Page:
Reforms make way for real estate investors in KSA
Investors are getting to grips with new opportunities in the Kingdom of Saudi Arabia (KSA) after a raft of radical reforms
Investors are getting to grips with new opportunities in the Kingdom of Saudi Arabia (KSA) after a raft of radical reforms, announced last year, paved the way for economic and real estate growth.
A forecast from Oxford Economics predicts a return to positive real GDP growth in the Kingdom in 2018, following a minor contraction in 2017. This is the result of several measures taken by the government to bolster the economy.
While some reforms have direct implications for the real estate market, others will indirectly offer investors new opportunities.
“We embraced the transitional phase of the economy in 2017, in line with the National Transformation Program and the Saudi Vision 2030,” said Eng. Ibrahim Albuloushi, Country Head, KSA, JLL.
“The year ahead focuses on the implementation phase of the reforms, highlighting growth in the tourism sector where the hospitality and retail sectors are poised to benefit, as the government eases visa requirements for tourists,” he added.
Attracting a new type of tourism
Throughout last year, the Kingdom implemented measures to support tourism, which it hopes will provide a steady source of economic growth outside of the oil industry.
The 34,000 square-kilometer Red Sea Tourism Project topped the list as the Public Investment Fund’s most ambitious initiative to diversify the sector from its current reliance on business travelers and pilgrims.
The Maldives-style tourist destination hopes to attract a million visitors by 2035, and will allow most nationalities to enter without a visa. This announcement was followed by the introduction of a KSA tourist visa, which will come into place in Q1 2018.
Expanding the Kingdom’s entertainment sector, will deliver investors opportunities across the hotel and retail sectors, too. And, if ever there was indication that the Kingdom is serious about elevating its credentials as a business hub, the 500 billion USD special zone, which will span three countries (KSA, Jordan and Egypt), is it.
Sitting on the Red Sea coast – a major trade route – the NEOM special zone, if successful, will become a major draw for people, businesses and, therefore, investment.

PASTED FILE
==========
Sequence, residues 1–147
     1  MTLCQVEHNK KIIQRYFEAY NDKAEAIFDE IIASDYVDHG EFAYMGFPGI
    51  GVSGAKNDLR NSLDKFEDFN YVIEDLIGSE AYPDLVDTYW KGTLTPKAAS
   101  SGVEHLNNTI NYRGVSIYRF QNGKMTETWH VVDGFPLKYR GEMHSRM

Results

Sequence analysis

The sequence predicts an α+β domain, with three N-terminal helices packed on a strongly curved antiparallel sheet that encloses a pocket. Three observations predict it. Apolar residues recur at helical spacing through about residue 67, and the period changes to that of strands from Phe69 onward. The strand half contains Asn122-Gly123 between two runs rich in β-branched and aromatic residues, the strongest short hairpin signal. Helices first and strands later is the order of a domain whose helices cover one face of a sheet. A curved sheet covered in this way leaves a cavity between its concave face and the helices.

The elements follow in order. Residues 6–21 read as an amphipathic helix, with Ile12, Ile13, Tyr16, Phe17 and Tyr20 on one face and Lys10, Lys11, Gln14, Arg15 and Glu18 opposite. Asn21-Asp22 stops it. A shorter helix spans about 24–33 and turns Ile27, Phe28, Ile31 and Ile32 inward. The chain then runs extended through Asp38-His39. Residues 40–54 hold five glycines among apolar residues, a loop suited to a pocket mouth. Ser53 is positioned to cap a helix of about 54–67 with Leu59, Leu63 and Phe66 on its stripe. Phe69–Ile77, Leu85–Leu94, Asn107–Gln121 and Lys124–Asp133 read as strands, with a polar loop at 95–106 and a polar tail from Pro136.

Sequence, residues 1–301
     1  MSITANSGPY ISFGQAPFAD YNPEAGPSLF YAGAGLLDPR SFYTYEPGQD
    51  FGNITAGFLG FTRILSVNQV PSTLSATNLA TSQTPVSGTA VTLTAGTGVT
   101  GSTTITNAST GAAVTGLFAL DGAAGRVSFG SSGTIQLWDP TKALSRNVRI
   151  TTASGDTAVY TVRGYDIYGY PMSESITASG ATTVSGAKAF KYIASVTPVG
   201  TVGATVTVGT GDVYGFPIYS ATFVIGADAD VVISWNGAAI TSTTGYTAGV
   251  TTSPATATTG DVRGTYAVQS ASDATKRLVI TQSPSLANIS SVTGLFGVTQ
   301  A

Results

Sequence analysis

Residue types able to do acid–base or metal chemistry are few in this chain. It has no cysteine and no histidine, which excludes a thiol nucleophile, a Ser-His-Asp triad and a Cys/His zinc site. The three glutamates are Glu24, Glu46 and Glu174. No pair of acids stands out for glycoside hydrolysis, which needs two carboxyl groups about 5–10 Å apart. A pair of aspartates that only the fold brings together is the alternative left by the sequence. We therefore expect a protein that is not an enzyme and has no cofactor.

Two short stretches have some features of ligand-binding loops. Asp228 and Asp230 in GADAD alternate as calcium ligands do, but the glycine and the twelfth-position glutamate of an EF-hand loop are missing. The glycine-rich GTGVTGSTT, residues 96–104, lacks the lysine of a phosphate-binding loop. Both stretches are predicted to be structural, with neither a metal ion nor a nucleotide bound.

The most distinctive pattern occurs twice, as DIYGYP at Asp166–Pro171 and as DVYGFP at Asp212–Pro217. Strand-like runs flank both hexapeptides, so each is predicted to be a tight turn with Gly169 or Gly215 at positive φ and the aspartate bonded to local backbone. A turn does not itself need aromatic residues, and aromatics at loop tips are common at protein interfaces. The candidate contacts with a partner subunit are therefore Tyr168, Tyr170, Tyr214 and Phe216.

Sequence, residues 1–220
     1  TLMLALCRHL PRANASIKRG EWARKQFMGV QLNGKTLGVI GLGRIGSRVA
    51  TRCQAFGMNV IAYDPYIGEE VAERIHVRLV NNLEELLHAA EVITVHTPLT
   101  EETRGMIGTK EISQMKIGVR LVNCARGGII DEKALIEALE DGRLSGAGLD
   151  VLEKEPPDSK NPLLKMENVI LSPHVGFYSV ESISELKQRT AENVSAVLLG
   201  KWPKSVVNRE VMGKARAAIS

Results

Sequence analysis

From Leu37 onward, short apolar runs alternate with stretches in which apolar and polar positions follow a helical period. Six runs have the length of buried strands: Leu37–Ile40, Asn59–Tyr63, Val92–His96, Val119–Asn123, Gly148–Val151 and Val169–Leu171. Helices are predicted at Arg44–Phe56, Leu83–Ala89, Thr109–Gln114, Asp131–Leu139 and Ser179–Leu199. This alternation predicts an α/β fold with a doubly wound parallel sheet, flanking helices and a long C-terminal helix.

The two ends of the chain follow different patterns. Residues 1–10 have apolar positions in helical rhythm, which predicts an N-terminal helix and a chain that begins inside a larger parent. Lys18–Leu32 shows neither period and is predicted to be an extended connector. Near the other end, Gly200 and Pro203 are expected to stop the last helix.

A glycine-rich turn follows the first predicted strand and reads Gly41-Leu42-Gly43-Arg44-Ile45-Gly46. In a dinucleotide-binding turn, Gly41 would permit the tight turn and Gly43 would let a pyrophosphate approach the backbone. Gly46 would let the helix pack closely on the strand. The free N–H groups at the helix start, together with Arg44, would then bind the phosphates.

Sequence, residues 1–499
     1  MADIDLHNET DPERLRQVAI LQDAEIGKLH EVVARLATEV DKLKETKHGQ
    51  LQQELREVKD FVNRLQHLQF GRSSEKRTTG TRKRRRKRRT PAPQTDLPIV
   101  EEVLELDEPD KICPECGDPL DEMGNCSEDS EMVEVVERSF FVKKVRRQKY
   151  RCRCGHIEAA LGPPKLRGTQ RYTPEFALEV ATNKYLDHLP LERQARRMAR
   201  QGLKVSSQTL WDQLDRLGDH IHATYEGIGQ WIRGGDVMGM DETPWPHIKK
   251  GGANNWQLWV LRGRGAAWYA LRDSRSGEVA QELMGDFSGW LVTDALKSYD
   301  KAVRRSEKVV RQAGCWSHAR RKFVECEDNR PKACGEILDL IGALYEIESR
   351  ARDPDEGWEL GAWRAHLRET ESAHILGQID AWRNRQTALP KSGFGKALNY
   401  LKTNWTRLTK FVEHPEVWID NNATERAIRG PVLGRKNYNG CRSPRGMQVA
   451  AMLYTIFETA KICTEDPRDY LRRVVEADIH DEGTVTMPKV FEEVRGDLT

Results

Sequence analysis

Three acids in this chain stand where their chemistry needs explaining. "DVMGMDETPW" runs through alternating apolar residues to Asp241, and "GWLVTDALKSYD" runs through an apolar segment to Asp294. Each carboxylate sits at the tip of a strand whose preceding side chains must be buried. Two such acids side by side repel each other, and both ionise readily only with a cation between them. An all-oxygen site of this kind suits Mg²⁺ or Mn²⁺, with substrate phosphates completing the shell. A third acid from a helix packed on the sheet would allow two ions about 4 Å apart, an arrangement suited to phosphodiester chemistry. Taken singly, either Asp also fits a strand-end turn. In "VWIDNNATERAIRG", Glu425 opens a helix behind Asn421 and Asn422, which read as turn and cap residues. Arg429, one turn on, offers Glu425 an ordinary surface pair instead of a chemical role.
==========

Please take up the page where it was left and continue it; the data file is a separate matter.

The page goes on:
“NEOM will offer an abundance of investment opportunities and an independent legislature favourable to investors to compliment it,” said Albuloushi.
“NEOM not only hopes to attract foreign investment but also retain investment locally by providing an alternative investment option.”
Diversifying the economy
In addition to reforms designed to diversify the economy, the government took targeted economic measures to reduce the deficit – introducing two bonds – and inject liquidity into the market.
A SAR 72 billion stimulus package, which will waive fees for small business and investors, was introduced to boost private sector growth and, in turn, it’s expected to support housing construction; a critical outcome if the government is to achieve a separate ambition to raise home ownership levels to 52 percent by 2020. The Saudi Real Estate Refinance company launched in October 2017 to facilitate this. A joint initiative between the PIF and the MOH, it’s expected to raise demand for financing by as much as 79 percent by 2026.
Meanwhile, the much-publicized White Land Tax reform appears to be having the desired effect in freeing up land for development. The policy, announced last year, has spurred an uptick in development interest and land prices have fallen by some 18.5 percent on average.
And, in a move that will benefit both investors and developers, eight REITs listed on the Saudi Stock Exchange in 2017 and 2018 will see at least five more.
‘Year of transition’
If 2017 was the year of transition, 2018 looks set to be the year of implementation as investors, entrepreneurs and businesses explore new opportunities. In perhaps one of the most internationally publicized moves to modernize the Kingdom’s economy, the landmark decision to lift the driving ban on women will not only serve as a shot in the arm for the auto industry; it sent a signal to the investment community that Saudi Arabia ready for a new phase of growth.
However, headwinds remain in the short term, warns Albuloushi: “The increase in fuel costs and the introduction of VAT could lead to the cost of goods and services increasing,” he said.
“As a result, the market is expected to be volatile in the short to medium term.
“Longer term, these reforms represent a key move towards improving transparency and the Kingdom achieving its ambition of developing international partnerships.”